UK's Vodafone network runs trials on standalone 5G in London, Manchester and Cardiff
These are networks that are not dragged down by LTE core
Vodafone has launched 5G SA (Standalone) trials in London, Manchester, and Cardiff in its largest test of the technology yet.
The commercial launch has allowed the carrier to experiment with new ways to commercialise its network, including network slicing – where a portion of network is dedicated to a specific customer for their exclusive use. It will also allow customers to test 5G SA devices on a live, public network.
Vodafone selected Ericsson's dual-mode 5G core network as the dedicated provider for this trial. It follows trials at Coventry University in 2020, and a separate trial in Spain.
To date, the overwhelming majority of 5G deployments in the UK have been 5G NSA (non-standalone). This approach has seen 5G radios connected to a traditional LTE core. By contrast, 5G SA uses a proper 5G core. This comes with some tangible benefits.
Although the incumbent NSA approach has allowed carriers to quickly expand coverage while limiting their capital expenditures, picking a true end-to-end 5G environment means there are more options to actually commercialise their investment.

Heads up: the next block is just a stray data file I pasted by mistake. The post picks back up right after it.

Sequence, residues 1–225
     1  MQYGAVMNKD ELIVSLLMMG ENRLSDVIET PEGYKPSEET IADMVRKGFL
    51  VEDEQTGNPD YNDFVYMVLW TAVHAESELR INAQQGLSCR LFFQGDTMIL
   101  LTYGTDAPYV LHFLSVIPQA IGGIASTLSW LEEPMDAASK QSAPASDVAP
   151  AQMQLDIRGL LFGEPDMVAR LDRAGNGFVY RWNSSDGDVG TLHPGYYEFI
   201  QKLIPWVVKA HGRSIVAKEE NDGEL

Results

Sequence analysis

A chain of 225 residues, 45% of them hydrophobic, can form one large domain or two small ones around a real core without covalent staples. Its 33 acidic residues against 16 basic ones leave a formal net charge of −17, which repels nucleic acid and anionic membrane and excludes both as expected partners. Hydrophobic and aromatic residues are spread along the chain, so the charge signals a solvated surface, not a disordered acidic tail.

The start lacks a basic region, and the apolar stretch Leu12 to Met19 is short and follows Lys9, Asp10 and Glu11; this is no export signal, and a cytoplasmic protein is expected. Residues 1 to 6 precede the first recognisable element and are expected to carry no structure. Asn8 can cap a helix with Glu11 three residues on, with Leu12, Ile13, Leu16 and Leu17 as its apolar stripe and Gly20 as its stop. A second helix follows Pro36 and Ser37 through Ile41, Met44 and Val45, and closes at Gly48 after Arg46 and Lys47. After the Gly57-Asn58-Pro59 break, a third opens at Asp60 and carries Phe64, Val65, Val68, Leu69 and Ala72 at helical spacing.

And that's because the introduction of 5G services has been costly, with carriers spending big on equipment and spectrum. They can't rely on consumer spending to recoup their expenditure.
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5G SA offers measurable performance increases, particularly when it comes to latencies. Although ordinary punters could take advantage of this (particularly when it comes to things like real-time communications and online gaming), the biggest market will likely be industrial and business users, who will want to provide low-latency connectivity to their IoT devices.
And, as mentioned, 5G SA allows for network slicing. This is a self-contained and separated part of the network that's leased by a specific tenant. A slice may consist of dedicated radio, transport, and core resources. By offering dedicated access, providers can address both the performance and security demands of their biz customers, and are less likely to be affected by transient spikes in demand from the public.
Vodafone isn't the sole carrier eyeing up a deployment of 5G SA. Both O2 and EE are in the preliminary stages of their own rollouts, having both selected Ericsson as their core provider. Additionally, O2 has said it plans to launch its inaugural 5G SA deployment in Germany later this year.
Three is also expected to launch 5G SA services in near future, having picked Tata Consultancy Services (TCS) to configure and maintain its upcoming network rollout. ®